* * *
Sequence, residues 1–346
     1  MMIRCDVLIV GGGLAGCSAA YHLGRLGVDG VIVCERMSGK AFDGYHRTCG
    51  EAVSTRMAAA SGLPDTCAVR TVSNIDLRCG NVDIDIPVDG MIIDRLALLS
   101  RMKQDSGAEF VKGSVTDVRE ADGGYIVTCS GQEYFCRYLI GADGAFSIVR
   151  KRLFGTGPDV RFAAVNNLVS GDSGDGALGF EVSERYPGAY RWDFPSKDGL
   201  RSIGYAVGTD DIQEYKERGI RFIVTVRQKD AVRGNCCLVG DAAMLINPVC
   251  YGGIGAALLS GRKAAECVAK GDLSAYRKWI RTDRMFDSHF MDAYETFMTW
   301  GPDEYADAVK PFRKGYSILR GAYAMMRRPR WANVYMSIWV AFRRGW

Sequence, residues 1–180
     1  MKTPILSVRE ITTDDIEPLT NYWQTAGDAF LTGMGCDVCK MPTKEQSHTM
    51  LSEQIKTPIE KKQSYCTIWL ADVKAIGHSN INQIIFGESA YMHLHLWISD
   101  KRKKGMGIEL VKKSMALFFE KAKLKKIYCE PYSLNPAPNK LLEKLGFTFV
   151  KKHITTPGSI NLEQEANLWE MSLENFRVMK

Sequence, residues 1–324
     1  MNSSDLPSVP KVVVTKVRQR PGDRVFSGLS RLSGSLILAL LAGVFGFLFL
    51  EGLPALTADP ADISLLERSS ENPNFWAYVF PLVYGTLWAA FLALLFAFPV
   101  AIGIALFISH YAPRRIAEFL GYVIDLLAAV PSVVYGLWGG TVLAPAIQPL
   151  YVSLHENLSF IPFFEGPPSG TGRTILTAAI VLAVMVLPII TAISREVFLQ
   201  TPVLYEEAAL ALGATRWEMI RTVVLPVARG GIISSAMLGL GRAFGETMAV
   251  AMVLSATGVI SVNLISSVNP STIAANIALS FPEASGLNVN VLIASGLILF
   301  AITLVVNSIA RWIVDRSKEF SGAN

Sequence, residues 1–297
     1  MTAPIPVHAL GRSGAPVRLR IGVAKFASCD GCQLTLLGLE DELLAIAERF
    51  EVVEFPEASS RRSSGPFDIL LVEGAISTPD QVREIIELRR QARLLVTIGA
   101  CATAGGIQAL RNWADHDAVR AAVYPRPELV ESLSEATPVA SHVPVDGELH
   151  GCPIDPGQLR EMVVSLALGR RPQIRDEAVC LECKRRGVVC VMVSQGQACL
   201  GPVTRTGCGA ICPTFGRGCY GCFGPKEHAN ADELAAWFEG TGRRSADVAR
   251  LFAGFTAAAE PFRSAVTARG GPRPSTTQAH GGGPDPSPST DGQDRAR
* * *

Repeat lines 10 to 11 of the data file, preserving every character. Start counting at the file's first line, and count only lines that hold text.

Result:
     1  MKTPILSVRE ITTDDIEPLT NYWQTAGDAF LTGMGCDVCK MPTKEQSHTM
    51  LSEQIKTPIE KKQSYCTIWL ADVKAIGHSN INQIIFGESA YMHLHLWISD